LM2902: Propagation delay between input and output

Part Number: LM2902

Hi all

Would you mind if we ask LM2902?

On our customer's circuit, there is big propagation delay between input and output.
We think it is cause of customer's circuit.
So, at the first we would like to share the circuit.

However these files inculde confidential content.
Could let us know your E-mail address?(We would like to send you the file.)




Kind regards,

Hirotaka Matsumoto

  • Hirotaka-san,

    Here is LM2902 (LM324) Tech-Day presentation that should explain the cause and solution.

    3173.TS321,LM358,LM324_Tech_day.pdf

    Regards,
    Ronald Michallick
    Linear Applications

    TI assumes no liability for applications assistance or customer product design. Customer is fully responsible for all design decisions and engineering with regard to its products, including decisions relating to application of TI products. By providing technical information, TI does not intend to offer or provide engineering services or advice concerning Customer's design. If Customer desires engineering services, the Customer should rely on its retained employees and consultants and/or procure engineering services from a licensed professional engineer (LPE).

     

  • In reply to Ron Michallick:

    Hirotaka-san,

    With a precondition of output at zero (load only to GND, not VCC) the red node (see pdf) will be near zero and the NPN source driver will be off. The red node will need to internally slew about 2.1V before NPN source driver can make output rise. This is about 2.0V/(0.5V/us) = 4us. There is also something call "overload recovery" time. This is the time between output at VOL or VOH level (open loop mode) getting back into a linear operation mode (closed loop mode). This accounts for the rest of the 7.2us delay seen.

    With a precondition of output at 0.4V (load only to GND, not VCC) the red node (see pdf) will be near 2.4V and the NPN source driver will be on. Any rise on the red node after the input pulse will immediately be reflected in a rise of output voltage. Because the output is not at VOL or VOH (open loop), overload recovery time is not applied.

    I studied the application schematic and wasn't able to find a way to keep the output in the active range with the NPN source driver alway on.
    I will give this more thought.

    Regards,
    Ronald Michallick
    Linear Applications

    TI assumes no liability for applications assistance or customer product design. Customer is fully responsible for all design decisions and engineering with regard to its products, including decisions relating to application of TI products. By providing technical information, TI does not intend to offer or provide engineering services or advice concerning Customer's design. If Customer desires engineering services, the Customer should rely on its retained employees and consultants and/or procure engineering services from a licensed professional engineer (LPE).

     

  • In reply to Ron Michallick:

    Ron san

    Thank you so much for your support and your advice.

    We would like to confirm one point.

    "This is about 2.0V/(0.5V/us) = 4us. There is also something call "overload recovery" time.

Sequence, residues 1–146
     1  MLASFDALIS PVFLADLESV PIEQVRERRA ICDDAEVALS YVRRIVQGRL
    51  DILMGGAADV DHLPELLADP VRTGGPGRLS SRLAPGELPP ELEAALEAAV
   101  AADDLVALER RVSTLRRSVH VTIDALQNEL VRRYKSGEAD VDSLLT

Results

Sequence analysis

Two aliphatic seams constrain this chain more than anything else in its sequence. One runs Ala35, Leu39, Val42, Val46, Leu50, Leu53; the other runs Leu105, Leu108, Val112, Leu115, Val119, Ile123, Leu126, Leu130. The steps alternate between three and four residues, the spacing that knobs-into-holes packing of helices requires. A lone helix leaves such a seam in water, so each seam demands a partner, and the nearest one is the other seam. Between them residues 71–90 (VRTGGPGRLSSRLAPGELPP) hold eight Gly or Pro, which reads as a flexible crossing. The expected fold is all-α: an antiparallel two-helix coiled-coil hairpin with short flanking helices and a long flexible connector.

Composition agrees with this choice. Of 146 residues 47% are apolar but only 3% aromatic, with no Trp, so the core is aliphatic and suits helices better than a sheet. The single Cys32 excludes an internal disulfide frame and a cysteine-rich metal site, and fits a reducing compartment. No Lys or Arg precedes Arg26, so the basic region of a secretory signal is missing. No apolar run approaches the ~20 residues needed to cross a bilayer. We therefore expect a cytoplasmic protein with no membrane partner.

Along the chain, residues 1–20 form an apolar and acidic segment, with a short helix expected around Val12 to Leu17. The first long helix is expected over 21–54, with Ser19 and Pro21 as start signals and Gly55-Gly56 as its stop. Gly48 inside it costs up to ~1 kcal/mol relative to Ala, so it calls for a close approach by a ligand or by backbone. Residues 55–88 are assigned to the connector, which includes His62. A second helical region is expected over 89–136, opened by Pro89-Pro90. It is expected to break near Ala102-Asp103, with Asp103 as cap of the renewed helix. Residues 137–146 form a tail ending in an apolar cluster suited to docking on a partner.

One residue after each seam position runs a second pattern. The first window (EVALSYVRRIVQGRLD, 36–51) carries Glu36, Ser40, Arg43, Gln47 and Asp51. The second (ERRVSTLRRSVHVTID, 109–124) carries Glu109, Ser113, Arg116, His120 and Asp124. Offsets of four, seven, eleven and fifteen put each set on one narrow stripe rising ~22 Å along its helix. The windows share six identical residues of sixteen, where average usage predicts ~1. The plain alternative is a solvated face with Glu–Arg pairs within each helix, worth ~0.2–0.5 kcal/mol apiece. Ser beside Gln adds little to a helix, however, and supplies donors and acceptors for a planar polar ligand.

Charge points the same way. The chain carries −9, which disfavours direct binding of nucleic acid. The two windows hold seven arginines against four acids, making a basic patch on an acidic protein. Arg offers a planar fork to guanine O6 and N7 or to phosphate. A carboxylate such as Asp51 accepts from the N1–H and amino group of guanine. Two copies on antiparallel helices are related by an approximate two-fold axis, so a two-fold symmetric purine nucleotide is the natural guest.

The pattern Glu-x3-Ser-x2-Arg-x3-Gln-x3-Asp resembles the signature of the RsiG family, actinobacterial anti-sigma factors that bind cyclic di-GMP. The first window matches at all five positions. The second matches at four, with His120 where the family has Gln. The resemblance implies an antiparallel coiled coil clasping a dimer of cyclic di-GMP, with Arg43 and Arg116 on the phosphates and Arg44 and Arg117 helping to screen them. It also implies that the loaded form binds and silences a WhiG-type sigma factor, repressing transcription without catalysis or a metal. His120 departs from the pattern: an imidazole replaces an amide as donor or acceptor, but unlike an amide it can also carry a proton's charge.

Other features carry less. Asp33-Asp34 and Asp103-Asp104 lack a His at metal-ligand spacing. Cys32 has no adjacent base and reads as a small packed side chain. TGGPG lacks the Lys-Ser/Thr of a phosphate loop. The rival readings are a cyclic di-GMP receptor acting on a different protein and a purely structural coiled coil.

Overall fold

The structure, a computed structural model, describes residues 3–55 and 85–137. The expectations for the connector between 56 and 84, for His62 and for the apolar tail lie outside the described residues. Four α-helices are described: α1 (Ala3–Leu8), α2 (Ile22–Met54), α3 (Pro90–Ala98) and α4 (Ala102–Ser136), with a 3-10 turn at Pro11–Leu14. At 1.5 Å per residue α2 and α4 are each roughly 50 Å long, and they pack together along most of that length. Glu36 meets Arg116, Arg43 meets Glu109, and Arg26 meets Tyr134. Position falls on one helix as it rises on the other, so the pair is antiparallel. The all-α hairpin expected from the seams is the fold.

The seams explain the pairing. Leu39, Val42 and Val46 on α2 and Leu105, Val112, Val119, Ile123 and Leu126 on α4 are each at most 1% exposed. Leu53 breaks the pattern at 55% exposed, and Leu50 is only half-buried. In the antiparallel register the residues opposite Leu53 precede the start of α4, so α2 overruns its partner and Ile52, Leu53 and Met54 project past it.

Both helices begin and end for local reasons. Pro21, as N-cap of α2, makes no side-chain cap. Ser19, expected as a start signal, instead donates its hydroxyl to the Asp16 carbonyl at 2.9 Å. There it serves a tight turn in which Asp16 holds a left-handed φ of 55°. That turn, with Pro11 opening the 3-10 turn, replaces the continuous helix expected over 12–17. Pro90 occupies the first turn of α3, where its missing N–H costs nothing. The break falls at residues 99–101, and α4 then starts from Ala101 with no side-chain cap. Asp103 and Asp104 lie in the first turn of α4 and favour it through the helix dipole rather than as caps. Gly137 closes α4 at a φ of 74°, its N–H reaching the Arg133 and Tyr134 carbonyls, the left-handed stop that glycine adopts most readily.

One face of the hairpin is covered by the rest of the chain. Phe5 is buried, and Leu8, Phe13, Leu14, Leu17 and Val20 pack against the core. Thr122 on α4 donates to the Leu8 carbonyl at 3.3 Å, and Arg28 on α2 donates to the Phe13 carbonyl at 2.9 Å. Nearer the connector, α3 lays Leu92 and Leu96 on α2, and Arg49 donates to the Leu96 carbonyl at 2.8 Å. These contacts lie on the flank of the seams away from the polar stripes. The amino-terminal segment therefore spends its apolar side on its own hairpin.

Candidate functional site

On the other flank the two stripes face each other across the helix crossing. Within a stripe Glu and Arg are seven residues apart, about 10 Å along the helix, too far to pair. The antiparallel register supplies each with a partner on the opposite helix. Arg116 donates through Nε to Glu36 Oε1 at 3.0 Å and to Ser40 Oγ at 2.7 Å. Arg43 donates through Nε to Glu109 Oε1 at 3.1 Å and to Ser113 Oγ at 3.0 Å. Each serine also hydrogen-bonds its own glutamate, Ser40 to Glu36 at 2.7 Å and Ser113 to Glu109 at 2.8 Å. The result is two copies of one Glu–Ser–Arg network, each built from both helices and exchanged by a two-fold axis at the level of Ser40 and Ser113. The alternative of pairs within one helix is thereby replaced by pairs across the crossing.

This is the time between output at VOL or VOH level (open loop mode) getting back into a linear operation mode (closed loop mode).
    This accounts for the rest of the 7.2us delay seen."
    ->There is a bit idifference between 4us and 7.2us. We got that "This is about 2.0V/(0.5V/us) = 4us. There is also something call "overload recovery" time.
       The difference 3.2us, what is the cause? If you have some advice, could you let us know?

    Kind regards,

    Hirotaka Matsumoto

  • In reply to Hirotaka Matsumoto:

    Hirotaka-san

    This is the most likely cause for overload recovery  (aka storage time)

    This node can go high quickly, turn off is much slower. 

    Regards,
    Ronald Michallick
    Linear Applications

    TI assumes no liability for applications assistance or customer product design. Customer is fully responsible for all design decisions and engineering with regard to its products, including decisions relating to application of TI products. By providing technical information, TI does not intend to offer or provide engineering services or advice concerning Customer's design. If Customer desires engineering services, the Customer should rely on its retained employees and consultants and/or procure engineering services from a licensed professional engineer (LPE).

     

  • In reply to Ron Michallick:

    Hirotaka-san,

    One possible solution is to add a resistor from 5V to pin 5 of LM2902 to get a VIL greater than 10mV (worst case VIO of LM2902)
    This will keep output active so it can respond quickly.

    Regards,
    Ronald Michallick
    Linear Applications

    TI assumes no liability for applications assistance or customer product design. Customer is fully responsible for all design decisions and engineering with regard to its products, including decisions relating to application of TI products. By providing technical information, TI does not intend to offer or provide engineering services or advice concerning Customer's design. If Customer desires engineering services, the Customer should rely on its retained employees and consultants and/or procure engineering services from a licensed professional engineer (LPE).

     

  • In reply to Ron Michallick:

    Ron san

    Thank you very much for your reply!

    OK, we got it!
    We would like to confirm one point.
    "from 5V to pin 5"
    ->It seems that 5 pin is 2IN+ or NC.Does it mean NC?

    Kind regards,

    Hirotaka Matsumoto